Report: North American oil output will hit all-time record by 2016

Maybe Hubbert’s Peak isn’t the tallest mountain after all.

North American oil production will hit a new all-time high by 2016 given the current pace of drilling in the U.S. and Canada, according to a study released by an energy research firm this week.

U.S. oil production in areas like the Permian Basin, the Eagle Ford, Bakken and others will rise by a little over 2 million barrels per day between 2010 and 2016, according to data compiled by Bentek Energy, a Colorado firm that tracks energy infrastructure and production projects.

It’s a reversal of the steady downward production trend that started around 1970, when U.S. oil production peaked at around 9.5 million barrels per day.

Canadian crude production is expected to grow by about 971,000 barrels per day between 2010 and 2016, with much of it headed for U.S. refineries.

Combined, the U.S. and Canadian oil output will top 11.5 million barrels per day, which is even more than the amount produced at the peak in 1972.

The data assumes production levels stay roughly where they are right now, but the study doesn’t take into account predictions of growing global oil demand or the higher prices that follow.

The data was unveiled at a forum on natural gas liquids hosted by Platts in Houston this week.

(Image: Bentek Energy)

That production growth will be bumping up against pipeline capacity to move the crude to refineries and other users, said Rusty Braziel, Bentek’s vice president of sales and marketing.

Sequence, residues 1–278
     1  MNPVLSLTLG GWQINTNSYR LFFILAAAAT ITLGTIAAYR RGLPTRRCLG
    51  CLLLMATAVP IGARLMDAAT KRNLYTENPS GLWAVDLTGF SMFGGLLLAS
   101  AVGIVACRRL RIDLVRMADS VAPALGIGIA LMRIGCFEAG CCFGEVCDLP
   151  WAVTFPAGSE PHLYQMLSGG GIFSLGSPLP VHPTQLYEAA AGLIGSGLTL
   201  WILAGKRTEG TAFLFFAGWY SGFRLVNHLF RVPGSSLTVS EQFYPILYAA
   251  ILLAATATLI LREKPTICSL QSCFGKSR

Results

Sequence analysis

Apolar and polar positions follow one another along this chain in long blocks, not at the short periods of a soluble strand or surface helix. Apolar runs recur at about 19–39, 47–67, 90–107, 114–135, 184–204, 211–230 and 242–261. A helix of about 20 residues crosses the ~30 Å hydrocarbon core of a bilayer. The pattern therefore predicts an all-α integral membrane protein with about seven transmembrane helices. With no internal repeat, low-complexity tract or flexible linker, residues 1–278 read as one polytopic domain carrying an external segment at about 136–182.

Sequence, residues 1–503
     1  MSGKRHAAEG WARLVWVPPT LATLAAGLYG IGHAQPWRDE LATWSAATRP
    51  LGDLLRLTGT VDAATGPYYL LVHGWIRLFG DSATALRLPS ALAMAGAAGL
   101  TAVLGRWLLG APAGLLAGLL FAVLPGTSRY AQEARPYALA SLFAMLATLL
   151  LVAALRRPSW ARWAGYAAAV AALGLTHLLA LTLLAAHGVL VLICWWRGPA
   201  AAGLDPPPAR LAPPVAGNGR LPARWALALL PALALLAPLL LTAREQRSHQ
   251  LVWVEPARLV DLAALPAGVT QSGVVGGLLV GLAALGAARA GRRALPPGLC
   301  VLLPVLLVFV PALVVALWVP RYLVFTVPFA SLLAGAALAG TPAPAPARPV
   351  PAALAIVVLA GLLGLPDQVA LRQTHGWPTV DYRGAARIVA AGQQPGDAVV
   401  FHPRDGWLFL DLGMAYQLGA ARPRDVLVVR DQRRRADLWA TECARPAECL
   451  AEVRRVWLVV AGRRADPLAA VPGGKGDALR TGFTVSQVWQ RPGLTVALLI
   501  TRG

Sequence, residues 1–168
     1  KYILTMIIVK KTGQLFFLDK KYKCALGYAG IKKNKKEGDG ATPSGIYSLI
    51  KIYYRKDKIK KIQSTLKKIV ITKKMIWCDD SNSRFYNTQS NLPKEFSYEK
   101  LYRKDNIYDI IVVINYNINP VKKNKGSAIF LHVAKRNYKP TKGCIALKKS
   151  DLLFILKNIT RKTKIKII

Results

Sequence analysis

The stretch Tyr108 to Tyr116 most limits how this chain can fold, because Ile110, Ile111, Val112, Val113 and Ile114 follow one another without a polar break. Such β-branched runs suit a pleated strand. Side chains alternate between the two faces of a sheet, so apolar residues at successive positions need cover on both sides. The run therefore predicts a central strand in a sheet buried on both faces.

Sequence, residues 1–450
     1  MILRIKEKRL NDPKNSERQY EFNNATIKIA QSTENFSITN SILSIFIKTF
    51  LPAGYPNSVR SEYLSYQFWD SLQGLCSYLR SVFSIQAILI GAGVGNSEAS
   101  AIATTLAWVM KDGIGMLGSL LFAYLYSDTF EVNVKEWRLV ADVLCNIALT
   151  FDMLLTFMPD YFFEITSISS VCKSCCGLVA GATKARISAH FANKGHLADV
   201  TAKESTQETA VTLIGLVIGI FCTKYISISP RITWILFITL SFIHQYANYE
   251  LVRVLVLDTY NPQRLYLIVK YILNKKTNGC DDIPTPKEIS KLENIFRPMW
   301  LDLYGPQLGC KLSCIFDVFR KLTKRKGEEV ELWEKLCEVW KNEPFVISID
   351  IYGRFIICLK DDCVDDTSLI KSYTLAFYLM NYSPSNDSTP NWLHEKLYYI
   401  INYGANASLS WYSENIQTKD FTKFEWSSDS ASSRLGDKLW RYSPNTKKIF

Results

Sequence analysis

In the past, the flow of oil in the U.S. tended to be from the South to the North/Northeast – mainly from the producing regions of Texas, Oklahoma and Louisiana to consumers in major cities.

But Canadian oil production is surging and most of the booming oil fields in the U.S. are located along a region that roughly runs south from North Dakota through West Texas. There’s an oversupply of oil to the Midwestern refineries, which has prompted construction of pipelines to move crude to the established refinery complexes along the Gulf Coast.

TransCanada’s hotly debated Keystone XL pipeline is the most visible of those projects, with plans to move Canadian tar sands oil all the way to refineries in Port Arthur, Texas. There are a number of other new pipelines in the works, however, as well as expansion of existing lines and reversals of existing North-to-South pipelines being considered.